Quick hits (part I)

1) How does a law professor get arrested for standing in a Wal-Mart?  When he’s a young black man and part of a Ferguson protest.

2) Marc Thiessen– the right’s leading torture apologist– thinks it’s only  a matter of time before ISIS starts using Ebola as a weapon.  Of course, this is simply Thiessen’s fantasy.

3) This Planet Money episode on how women started getting way less into computers in the 1980’s (when me and all my male friends loved them) was really, really interesting.

4) I’m an extrovert.  Do I look that way?

5) Who knew that Philosophy departments were bastions of sexism?!

6) On reading actual books.

7) One of the better pieces on Renee Zellweger’s plastic surgery.  All sorts of things are wrong with our ideas about famous females and their appearance, but all that said, if plastic surgery chances your appearance to the point that people don’t even recognize you, well, that’s worthy of some commentary in it’s own right.

8) Want teenagers to wait longer to have sex?  (I do).  Then let Planned Parenthood teach them Sex Ed.

9) A couple of my FB friends are totally pushing this ridiculous new competitor to FB that monetizes your posts in a pyramid scheme.  Seriously!  How many people are looking to make money off FB?  There’s far more psychic value in posting photos like this and getting dozens of likes.

10) Interestingly, breast self exams have no value added beyond that which comes from simply paying attention to any changes in your breasts.

11) I’m fascinated by the business of fast food.  Good article on why Chipotle is thriving and McDonald’s is not.

12) Lawmakers who support Voter ID and not so interested in responding to their minority constituents.  Surprise, surprise.

13) I’ve only read one Percy Jackson book and was way disappointed.  Not that that’s the point of this essay on Rick Riordan books and YA fiction.

14) On Ginsburg’s dissent on Texas Voter ID and the Texas Election Law blog via Hasen.

15) I want some Breaking Bad action figures!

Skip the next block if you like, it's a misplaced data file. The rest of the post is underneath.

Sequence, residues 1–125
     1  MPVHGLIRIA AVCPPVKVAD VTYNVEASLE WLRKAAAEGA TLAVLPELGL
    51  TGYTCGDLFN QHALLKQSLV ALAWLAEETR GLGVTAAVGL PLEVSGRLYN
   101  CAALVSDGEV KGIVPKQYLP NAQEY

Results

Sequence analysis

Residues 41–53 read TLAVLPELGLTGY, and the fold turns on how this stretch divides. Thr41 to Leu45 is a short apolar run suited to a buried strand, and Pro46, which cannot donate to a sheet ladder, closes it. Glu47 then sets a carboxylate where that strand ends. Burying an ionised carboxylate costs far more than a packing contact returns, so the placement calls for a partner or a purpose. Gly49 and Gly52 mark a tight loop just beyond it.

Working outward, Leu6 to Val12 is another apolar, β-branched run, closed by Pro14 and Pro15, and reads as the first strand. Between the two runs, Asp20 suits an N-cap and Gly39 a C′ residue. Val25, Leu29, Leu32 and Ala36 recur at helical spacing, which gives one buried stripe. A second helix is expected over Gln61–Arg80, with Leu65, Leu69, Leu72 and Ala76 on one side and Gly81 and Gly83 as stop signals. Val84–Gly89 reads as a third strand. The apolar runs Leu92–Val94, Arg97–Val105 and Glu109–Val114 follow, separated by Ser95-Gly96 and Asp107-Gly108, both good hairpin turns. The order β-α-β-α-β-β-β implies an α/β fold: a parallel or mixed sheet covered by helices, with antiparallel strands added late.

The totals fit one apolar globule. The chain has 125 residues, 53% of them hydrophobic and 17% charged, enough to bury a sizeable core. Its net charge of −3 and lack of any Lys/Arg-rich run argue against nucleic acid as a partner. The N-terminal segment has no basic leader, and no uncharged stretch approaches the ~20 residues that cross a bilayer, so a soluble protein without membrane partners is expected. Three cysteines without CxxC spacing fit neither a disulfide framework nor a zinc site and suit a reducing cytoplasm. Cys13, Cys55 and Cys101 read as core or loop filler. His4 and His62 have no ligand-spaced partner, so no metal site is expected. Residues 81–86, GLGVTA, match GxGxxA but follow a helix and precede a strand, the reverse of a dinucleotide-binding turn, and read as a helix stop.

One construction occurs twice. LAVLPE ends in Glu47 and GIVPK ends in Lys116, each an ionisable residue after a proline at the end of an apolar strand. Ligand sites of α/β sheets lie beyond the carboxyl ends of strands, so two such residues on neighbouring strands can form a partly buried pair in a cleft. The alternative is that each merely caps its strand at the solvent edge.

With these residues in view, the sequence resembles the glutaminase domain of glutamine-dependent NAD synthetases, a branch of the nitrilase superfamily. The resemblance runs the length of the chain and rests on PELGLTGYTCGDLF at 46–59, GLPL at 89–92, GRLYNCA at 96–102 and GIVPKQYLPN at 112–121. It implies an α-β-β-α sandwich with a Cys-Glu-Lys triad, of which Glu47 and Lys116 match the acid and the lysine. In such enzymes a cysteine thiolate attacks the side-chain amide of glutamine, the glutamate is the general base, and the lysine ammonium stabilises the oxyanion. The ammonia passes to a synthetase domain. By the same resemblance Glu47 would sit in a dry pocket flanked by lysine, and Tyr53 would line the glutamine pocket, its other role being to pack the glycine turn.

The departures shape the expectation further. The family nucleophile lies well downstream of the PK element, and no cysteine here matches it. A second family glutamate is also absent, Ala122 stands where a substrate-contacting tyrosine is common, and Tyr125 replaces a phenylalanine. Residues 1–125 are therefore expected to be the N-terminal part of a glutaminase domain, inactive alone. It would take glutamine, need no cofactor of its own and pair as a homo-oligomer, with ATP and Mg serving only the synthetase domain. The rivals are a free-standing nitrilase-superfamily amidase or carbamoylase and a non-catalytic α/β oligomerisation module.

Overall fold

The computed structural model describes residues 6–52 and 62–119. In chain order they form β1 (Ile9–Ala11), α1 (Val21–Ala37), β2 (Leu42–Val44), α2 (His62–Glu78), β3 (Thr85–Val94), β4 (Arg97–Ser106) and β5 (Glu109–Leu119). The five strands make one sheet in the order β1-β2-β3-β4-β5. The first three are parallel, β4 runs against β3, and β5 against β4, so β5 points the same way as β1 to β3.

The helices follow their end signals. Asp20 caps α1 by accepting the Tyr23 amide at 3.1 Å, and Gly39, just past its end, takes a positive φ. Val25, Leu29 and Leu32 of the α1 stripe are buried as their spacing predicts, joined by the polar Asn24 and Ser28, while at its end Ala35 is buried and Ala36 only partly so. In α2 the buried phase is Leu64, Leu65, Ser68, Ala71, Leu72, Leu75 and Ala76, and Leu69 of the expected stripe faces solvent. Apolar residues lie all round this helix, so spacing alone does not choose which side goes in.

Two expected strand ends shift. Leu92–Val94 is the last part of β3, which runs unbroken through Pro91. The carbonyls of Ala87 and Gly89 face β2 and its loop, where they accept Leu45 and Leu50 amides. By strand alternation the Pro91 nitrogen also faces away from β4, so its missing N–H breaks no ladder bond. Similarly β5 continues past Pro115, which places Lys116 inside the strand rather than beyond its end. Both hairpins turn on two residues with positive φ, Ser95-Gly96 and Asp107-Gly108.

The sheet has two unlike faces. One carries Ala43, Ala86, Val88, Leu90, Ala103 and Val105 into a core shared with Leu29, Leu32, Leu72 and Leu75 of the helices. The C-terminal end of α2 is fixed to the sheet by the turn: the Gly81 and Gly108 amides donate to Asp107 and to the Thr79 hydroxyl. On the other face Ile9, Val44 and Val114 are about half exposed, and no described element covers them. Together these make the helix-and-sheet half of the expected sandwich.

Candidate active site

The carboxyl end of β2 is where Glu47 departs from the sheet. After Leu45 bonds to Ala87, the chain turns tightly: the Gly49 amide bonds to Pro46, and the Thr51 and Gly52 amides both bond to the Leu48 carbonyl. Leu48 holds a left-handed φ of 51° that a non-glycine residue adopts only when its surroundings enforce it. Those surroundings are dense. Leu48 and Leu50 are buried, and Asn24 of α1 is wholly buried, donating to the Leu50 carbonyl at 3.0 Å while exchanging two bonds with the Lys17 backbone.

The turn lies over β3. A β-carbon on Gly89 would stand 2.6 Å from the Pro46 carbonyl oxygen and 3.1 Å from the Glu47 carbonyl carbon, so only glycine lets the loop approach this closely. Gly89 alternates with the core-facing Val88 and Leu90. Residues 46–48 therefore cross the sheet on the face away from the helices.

16) More on the Republican attack on science funding.

I grade like a Brit

Interesting piece on the out-of-control grade inflation in American universities:

At the beginning of this school year, Princeton University changed its contentious grading policy. The university had previously limited the number of students who could receive A grades, but rescinded for a variety of reasons, including fears that the lower GPAs disadvantaged Princeton students on the job market and discouraged the top students from applying to the university in the first place.

Grading can feel like the cruelest part of the semester for teachers and students alike. And no one seems to have quite gotten it right. Commentary on grading brings to mind the story of Goldilocks and the Three Bears. Like the porridge that is too hot or too cold or the bed that is too big or too small, grading policies are either too lenient or too harsh. Top U.S. universities have come under fire in recent years for grade inflation. A grades have been the most common grade atHarvard for 20 years, and the median grade there today is an A-. There’s even awebsite that has tracked grade inflation in American schools and universities over time.

In the face of this, Heidi Tworek advocates grading more like the Brits do:

A final suggestion draws inspiration from the country where I pursued my own undergraduate education. Why not simply have fewer grades and accept that the majority of students might receive the same mark? The United Kingdom’s system only has three classes of grades: first, second, and third (although second is split into 2:1 and 2:2). A first denotes work of outstanding quality. In 2012 to 2013, 19 percent of students graduated with a first. An overwhelming 76 percent of students received a second-class degree (51 percent earned a 2:1, 25 percent a 2:2). Only 5 percent were given a third.

That’s not actually very far off from a typical grade distribution in one of my upper-level classes (though, I usually have somewhat more than 5% in the C range).   I never intentionally set out to grade this way, but my grading basically evolved such that I am really not that hard to get a B from, but you really need to earn that A and I rarely give out more than 20%.  I’ve never been quite sure what to make of it, but now that I know I’ve basically stumbled onto the British way on my own, I’m pretty happy with it.

North Carolina students– not smart enough for Common Core?

Yes, according to some.  I don’t doubt that some Common Core standards might be a little too optimistic, especially in lower grades, but I really am concerned by the sound of these complaints (via WUNC):